From: mareg@mimosa.csv.warwick.ac.uk ()
Subject: Re: A Finite Group Theory Question
Date: 29 Dec 1999 17:04:38 GMT
Newsgroups: sci.math
Keywords: How many simple groups of a bounded order?
In article <842csl$80q$1@nntp1.atl.mindspring.net>,
"Daniel Giaimo" writes:
> Let k(n) be the number of simple groups of order <= n. Considering
>small values of n (up to, say, 10000) it seems reasonable to conjecture that
>lim(n->oo)(k(n)/n) = 0. How would one go about proving this? (Hopefully
>without invoking the classification of finite simple groups.) In fact it
>seems that even
>lim(n->oo)(k(n)/ln(n)) = 0. Is this known to be true?
>
>--Daniel Giaimo
Your final conjecture
lim(n->oo)(k(n)/ln(n)) = 0.
is false, even assuming that you are restricting your attention to nonabelian
simple groups.
In fact lim(n->oo)(k(n)/ln(n)) = infinity.
For each prime p, the simple group PSL(2,p) has order p(p-1)(p+1)/2, and
by the prime number theorem there are certainly asymptotically more than
ln(n) numbers of this form less than n.
I think your more modest conjecture
lim(n->oo)(k(n)/n) = 0.
is true, although I don't think you have much hope of proving it without
the classification. All enumeration theorems of this kind that I have come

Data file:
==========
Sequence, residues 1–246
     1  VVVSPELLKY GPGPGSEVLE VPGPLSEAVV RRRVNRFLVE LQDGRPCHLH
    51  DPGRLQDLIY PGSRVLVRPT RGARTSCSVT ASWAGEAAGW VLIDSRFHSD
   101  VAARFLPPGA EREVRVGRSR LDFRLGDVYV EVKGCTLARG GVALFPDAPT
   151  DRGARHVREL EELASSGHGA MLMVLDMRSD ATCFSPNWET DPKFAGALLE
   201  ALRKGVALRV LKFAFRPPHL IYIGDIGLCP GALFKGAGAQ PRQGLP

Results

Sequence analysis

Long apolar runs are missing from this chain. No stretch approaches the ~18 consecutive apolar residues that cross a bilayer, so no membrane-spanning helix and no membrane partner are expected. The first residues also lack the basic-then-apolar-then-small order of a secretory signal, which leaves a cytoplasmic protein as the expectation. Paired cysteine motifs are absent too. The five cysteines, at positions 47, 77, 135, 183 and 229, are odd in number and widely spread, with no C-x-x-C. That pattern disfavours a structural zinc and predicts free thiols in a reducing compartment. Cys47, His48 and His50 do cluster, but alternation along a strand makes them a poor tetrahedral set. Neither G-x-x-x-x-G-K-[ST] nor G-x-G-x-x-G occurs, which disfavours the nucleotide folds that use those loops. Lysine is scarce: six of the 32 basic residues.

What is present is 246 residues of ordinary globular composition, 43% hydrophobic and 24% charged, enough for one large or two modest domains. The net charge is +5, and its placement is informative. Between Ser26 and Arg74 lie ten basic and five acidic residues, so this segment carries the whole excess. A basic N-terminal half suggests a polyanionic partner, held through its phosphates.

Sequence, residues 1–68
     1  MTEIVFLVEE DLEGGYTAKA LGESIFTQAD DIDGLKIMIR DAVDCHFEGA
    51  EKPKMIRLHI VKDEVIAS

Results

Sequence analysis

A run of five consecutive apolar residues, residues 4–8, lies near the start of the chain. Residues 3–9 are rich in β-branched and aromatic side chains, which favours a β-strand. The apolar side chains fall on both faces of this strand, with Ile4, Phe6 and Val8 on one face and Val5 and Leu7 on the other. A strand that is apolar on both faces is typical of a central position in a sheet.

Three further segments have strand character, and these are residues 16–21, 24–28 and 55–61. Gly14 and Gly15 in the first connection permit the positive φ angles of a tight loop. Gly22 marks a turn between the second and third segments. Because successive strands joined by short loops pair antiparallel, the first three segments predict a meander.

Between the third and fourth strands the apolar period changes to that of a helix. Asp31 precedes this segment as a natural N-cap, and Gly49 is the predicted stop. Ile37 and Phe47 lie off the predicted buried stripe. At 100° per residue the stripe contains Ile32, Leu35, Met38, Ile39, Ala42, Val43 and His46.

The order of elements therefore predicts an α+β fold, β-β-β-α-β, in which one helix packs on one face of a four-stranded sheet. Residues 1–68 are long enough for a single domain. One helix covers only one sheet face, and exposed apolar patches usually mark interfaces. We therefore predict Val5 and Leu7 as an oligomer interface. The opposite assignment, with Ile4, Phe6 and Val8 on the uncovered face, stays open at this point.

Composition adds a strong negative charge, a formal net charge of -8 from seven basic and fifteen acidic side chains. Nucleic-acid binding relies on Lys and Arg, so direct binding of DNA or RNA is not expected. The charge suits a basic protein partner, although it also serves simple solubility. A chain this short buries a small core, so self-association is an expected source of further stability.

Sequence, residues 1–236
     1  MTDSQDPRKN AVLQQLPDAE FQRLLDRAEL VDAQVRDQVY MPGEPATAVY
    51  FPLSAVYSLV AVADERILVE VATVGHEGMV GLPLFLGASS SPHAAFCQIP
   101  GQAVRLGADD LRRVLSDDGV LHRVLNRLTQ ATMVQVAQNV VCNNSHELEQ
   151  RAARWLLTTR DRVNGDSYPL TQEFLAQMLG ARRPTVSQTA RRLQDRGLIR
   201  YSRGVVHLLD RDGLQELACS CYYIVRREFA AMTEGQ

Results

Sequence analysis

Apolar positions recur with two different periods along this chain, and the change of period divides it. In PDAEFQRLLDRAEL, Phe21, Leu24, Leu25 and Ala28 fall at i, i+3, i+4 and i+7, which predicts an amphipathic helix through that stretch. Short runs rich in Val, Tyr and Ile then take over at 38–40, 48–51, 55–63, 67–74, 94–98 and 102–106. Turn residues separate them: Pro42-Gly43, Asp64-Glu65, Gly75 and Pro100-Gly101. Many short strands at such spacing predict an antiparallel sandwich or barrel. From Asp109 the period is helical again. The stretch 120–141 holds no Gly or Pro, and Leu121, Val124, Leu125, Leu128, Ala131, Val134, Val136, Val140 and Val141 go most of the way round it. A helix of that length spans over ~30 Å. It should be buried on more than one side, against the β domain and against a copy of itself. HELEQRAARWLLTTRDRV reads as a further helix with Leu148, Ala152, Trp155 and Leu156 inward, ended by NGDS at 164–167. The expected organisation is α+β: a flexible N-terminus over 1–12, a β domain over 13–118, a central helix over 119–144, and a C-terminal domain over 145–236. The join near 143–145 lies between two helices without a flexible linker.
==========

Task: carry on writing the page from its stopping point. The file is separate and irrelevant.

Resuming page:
across use the classification of finite simple groups at the very least
in order to show that there are at most two nonisomorphic simple groups
of any given order - without the classification no sensible bound is known.
If you are prepared to invoke the classification, then by looking at
the orders of the groups in the various families, you should not find
it too hard to show that the number of simple groups of order <= n is
at most O(pp(n)), where pp(n) is the number of prime powers that are <= n.
In fact, you cna probably show that, asymptotically, almost all simple
groups are PSL(2,p) for p prime.
A good general reference for enumeration theorems on various classes of
finite groups is
L. Pyber, "An enumeration theorem for finite groups", Ann. Math. 137,
203-220 (1993).
Derek Holt.